Bolton Open 2022

So very pleased to have had work accepted for this show. I'm late to post about it because we've had a time of it with my Mum being very ill over Christmas - thankfully on the mend now. Anyways - here's a taster photo post!


Woke up to this ....


... bloody freezing - but there was a bumper turn-out for the PV and the show was opened by the Mayor, Councillor Akhtar Zaman. (He really was there - standing further up the stairs making his speech lol).



Then everyone rushed up the stairs to have a look!


It was a great turn-out. I'm going back to have a good look around later this week as it was pretty crowded. The exhibition run has been extended into February and more details can be found here.


This was mine - the messy one obvs (86). It was so nicely placed with other landscape pieces on one wall. I'll update this post later once I can get better pix - fab exhibition - recommend, recommend!



And I promise - no more bleating lol.

I've had issues that kept me off Typepad and this 'ere website - which are all now sorted - and I have resolved to be more solicitous going forwards. Also, apologies if you've commented and I've never acknowledged your fine words - need to sort that out in terms of notifications and so on.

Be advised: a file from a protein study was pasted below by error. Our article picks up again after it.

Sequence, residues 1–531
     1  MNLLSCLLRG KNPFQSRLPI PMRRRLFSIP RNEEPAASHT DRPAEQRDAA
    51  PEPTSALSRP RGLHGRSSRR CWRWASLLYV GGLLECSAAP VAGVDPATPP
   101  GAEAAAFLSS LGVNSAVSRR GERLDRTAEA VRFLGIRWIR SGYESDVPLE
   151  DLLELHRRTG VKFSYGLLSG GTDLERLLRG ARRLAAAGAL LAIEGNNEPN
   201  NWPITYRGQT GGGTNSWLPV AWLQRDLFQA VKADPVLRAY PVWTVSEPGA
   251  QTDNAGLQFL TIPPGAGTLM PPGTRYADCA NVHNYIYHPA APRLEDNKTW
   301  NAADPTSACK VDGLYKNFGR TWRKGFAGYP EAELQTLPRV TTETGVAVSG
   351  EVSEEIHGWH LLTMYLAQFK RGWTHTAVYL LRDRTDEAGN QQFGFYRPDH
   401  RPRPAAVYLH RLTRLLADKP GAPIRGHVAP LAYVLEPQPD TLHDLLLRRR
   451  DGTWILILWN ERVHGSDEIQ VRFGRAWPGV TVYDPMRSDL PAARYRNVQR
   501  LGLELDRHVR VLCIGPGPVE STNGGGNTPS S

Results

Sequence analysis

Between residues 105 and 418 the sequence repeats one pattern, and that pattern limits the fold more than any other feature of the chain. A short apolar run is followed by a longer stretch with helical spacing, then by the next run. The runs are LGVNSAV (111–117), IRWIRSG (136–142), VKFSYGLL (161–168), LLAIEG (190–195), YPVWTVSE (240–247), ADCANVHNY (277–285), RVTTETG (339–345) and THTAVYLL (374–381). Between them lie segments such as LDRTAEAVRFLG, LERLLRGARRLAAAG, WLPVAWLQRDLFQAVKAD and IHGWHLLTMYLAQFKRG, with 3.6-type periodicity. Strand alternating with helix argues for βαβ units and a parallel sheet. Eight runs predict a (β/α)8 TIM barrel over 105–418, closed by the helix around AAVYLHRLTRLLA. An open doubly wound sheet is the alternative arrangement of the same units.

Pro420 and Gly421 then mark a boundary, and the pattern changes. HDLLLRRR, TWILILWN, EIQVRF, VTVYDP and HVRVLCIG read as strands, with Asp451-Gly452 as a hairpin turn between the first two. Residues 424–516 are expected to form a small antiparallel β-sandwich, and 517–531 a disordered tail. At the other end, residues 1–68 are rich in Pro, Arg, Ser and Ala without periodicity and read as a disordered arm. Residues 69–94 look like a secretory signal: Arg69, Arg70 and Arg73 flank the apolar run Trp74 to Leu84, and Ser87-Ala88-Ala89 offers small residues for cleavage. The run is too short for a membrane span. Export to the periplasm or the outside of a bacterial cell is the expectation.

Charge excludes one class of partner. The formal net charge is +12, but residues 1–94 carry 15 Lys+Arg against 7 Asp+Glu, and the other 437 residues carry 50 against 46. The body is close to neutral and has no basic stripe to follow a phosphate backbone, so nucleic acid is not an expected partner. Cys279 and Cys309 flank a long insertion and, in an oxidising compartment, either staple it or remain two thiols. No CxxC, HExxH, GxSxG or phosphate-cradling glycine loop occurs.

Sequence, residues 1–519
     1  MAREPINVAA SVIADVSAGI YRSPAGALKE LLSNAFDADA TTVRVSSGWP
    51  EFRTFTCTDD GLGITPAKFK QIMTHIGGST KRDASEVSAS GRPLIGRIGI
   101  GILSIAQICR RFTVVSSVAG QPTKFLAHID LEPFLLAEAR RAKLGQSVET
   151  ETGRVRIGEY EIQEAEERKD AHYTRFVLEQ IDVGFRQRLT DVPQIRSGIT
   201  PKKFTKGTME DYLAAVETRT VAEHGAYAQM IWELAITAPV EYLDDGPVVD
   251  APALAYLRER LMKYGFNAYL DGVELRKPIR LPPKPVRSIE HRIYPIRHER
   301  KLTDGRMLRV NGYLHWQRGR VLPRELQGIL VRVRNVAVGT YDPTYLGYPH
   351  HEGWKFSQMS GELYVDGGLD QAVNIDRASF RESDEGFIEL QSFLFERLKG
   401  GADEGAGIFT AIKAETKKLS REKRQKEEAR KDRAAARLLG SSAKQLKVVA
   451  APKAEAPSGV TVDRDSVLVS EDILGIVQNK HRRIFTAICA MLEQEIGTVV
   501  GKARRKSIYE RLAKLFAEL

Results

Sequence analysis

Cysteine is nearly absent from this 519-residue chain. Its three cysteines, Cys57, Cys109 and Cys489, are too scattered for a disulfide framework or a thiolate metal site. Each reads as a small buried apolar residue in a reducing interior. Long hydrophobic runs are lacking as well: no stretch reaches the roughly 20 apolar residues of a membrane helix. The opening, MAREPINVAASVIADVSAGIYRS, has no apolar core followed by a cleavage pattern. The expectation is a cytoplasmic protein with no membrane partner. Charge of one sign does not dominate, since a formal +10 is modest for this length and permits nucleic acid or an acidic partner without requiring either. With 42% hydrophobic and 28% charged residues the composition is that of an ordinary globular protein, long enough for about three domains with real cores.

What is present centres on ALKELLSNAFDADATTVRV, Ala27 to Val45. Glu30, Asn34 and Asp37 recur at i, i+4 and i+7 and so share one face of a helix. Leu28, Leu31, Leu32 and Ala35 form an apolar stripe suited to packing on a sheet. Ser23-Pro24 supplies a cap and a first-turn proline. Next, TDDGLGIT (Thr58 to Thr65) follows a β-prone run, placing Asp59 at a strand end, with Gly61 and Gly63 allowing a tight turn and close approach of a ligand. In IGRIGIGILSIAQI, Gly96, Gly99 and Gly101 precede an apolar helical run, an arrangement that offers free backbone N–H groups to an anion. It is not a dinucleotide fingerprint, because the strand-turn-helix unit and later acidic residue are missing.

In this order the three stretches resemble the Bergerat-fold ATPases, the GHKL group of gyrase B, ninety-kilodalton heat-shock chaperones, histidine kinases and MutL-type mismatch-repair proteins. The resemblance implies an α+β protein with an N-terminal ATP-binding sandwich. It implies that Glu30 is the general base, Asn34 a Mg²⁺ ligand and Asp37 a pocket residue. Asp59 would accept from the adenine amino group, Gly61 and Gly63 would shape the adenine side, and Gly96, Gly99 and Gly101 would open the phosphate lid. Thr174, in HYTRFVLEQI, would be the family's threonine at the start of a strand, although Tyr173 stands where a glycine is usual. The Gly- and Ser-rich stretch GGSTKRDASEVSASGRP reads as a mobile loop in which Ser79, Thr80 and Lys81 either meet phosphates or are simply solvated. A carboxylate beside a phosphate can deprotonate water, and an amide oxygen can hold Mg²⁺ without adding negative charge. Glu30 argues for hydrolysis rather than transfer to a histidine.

So, where were we up to ... oh yes, Reader - I have had a crappy twelve months of sub-par health and overwhem. Creatively there has been a one-way street of noticing/things going in and bugger-all coming out. Practically, there has been a leaky studio roof and an inclination to shove all the stuff with no home into my studio (because I haven't been using it). Blimey.

Anyhow - enough of that - here's what has been going on this week ...





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Next - submitting work to an exhibition woot!



Delighted to report my postcard for TAE22 (benefiting The Encephalitis Society) has sold - thank you, mystery buyer!


Colour studies in the undergrowth



I'm doing a series of colour studies using an exercise used in Louise Fletcher's 'Find Your Joy' taster course. I really like this intuitive way of working 'blind' in the first instance (you are never sure what will remain in those taped-off spaces) - and then adding further elements once the tape is off.


Something I need to ponder, is whether to gesso the paper to prevent the tape from ripping the paper surface. I'm using low-tack masking tape but it still rips it - I quite like the effect; it adds to the random quality. Anyhow, these are some of the 'finished' pieces that I'd like to use as a starting point for bigger works. They are all about light.